This is the homepage of the MSTIC study, which is based at UCL's Centre for Sexual Health and HIV Research, and funded by the Medical Research Council. The full title of the study is Public health outcomes, costs and cost-effectiveness of GUM and primary care based STI services: How to maximise STI control for a population.
*** The study is now complete ***
Patients with sexually transmitted infections (STIs) attend a variety of different services, including specialist genitourinary medicine (GUM) clinics, and GPs. The availability of services for STIs depends on many factors including whether the area is rural or urban. In 2001, the government published the ‘National Strategy for Sexual Health and HIV’. This proposed that, in future, more services for STIs should be provided in primary care (GP surgeries).
Since then, many areas have started to develop STI services provided by GPs and nurses in primary care. These services, usually called ‘Locally Enhanced Services’ (LES) vary considerably from place to place, and the public health specialists who plan services have found them difficult to plan. The aim of services for STIs, whether in primary care or GUM clinics, is to reduce the transmission of STIs as cost-effectively as possible. A number of factors will influence how well this is achieved by the local services –the capacity of the services, to what extent they are treating the partners of people diagnosed with STIs, whether they are seeing high risk populations (with high rates of STIs), or lower risk people. These can be hard to measure.
We are building a decision aid that will help public health specialists and sexual health service decision-makers plan the most cost-effective services for different kinds of population (e.g. rural vs. urban, younger vs. older, populations with different ethnic mixes). Our team of public health specialists, clinicians, statisticians, and health economists will build a ‘Decision Analytic Model’. This is a mathematical tool that will help decision makers identify the key elements of service provision (in primary care or GUM), that could impact on the effectiveness (e.g. the number of cases of gonorrhoea or chlamydia prevented), and the cost effectiveness (e.g. incremental cost per case of gonorrhoea or chlamydia prevented) of the differing combinations of primary care and GUM provision being considered. We will develop and use a Rapid Assessment Module that will collect the data needed to describe the elements of GUM and primary care STI services needed for the Decision Analytic Model. The ‘end product’ of the research will be a web-based tool that can be used by decision-makers (and, indeed the public), to support the evidence-based planning of services for STIs.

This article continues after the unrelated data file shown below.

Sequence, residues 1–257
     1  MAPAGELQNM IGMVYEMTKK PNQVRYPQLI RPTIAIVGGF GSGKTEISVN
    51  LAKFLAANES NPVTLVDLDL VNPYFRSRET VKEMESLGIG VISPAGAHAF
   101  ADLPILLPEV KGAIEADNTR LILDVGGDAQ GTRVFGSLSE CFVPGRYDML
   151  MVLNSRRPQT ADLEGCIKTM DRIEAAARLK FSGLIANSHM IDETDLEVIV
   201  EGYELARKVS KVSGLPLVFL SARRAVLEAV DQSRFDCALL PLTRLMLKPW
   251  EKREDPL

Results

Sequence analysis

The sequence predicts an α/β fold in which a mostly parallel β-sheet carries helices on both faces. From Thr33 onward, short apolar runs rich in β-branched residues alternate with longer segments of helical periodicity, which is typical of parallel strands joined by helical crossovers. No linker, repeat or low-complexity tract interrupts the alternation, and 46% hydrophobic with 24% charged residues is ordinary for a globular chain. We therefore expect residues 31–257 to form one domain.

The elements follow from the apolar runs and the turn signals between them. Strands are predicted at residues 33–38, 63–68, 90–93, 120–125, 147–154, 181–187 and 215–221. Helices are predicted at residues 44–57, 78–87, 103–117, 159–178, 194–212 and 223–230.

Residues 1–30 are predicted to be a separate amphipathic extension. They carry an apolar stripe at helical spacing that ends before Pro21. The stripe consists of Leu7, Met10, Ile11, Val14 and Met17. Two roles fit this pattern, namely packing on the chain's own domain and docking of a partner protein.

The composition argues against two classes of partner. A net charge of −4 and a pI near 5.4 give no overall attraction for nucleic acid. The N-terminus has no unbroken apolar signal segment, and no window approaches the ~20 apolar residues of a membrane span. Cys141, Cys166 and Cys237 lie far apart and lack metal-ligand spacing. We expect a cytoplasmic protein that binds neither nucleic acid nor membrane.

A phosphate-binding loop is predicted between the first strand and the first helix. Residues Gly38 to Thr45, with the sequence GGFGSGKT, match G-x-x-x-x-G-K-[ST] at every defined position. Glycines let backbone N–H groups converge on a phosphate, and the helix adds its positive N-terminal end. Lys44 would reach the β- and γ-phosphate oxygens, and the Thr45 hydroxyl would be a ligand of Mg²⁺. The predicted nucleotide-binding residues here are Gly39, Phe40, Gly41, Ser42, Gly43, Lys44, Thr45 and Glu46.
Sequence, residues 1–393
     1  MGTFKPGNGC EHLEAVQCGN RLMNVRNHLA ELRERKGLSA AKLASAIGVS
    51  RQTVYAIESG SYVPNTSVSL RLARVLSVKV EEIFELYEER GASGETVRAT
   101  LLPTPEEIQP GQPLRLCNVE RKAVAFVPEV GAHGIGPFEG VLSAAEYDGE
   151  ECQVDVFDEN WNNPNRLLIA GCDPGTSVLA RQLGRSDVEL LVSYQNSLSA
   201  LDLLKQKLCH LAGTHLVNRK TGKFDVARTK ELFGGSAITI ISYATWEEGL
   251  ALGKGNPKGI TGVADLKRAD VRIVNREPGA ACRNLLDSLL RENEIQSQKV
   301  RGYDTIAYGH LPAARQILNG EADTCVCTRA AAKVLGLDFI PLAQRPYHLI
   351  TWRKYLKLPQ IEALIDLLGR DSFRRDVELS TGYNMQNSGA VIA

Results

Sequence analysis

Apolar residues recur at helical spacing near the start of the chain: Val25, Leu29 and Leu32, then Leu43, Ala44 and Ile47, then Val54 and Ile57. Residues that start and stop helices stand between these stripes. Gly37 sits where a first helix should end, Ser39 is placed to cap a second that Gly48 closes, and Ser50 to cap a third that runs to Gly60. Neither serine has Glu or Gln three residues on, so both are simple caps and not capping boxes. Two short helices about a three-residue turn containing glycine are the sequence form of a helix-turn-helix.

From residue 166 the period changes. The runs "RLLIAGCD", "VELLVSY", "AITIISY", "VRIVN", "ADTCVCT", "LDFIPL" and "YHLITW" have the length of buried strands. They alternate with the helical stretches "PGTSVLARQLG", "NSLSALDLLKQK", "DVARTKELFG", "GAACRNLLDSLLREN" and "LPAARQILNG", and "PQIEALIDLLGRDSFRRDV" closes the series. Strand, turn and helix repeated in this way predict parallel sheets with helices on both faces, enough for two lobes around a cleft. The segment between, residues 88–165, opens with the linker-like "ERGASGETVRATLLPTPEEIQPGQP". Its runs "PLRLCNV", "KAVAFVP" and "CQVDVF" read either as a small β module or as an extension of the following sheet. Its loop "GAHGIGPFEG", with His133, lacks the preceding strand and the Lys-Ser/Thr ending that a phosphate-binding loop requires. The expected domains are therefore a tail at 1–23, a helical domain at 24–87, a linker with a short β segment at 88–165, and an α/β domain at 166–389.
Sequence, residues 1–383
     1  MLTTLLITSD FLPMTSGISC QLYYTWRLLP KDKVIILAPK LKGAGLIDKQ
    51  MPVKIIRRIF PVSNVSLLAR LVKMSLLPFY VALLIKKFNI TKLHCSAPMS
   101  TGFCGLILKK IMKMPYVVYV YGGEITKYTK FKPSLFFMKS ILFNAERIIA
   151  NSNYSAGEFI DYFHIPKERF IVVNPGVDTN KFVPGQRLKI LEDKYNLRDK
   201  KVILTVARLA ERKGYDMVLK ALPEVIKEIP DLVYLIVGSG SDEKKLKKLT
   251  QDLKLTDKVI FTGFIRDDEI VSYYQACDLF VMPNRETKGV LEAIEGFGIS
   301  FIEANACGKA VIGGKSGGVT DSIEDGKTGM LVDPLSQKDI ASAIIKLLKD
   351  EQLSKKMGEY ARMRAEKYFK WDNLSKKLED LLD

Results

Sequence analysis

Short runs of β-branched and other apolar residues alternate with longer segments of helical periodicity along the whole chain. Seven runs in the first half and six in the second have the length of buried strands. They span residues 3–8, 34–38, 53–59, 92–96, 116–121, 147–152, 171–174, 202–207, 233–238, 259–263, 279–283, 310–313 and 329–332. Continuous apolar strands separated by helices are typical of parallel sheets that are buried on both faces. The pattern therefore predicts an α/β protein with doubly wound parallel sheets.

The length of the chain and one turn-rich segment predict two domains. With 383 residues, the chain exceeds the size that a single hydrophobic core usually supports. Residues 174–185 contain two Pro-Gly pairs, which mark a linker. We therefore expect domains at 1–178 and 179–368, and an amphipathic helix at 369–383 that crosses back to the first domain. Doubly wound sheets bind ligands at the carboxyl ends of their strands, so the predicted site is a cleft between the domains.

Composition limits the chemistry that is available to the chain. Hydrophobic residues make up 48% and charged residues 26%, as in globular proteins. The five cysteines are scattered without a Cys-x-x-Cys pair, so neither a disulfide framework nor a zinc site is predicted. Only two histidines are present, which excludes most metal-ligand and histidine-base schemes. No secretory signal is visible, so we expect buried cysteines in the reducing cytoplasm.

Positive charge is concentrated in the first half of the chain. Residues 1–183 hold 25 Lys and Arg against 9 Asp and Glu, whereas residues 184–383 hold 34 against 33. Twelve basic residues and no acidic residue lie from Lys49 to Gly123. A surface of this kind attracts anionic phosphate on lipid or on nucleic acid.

- For patients who have taken part in one of our surveys, or members of the public
- For Members of health service staff
- For those who are part of the MSTIC study team, or a collaborator
Page last modified on 21 mar 14 10:33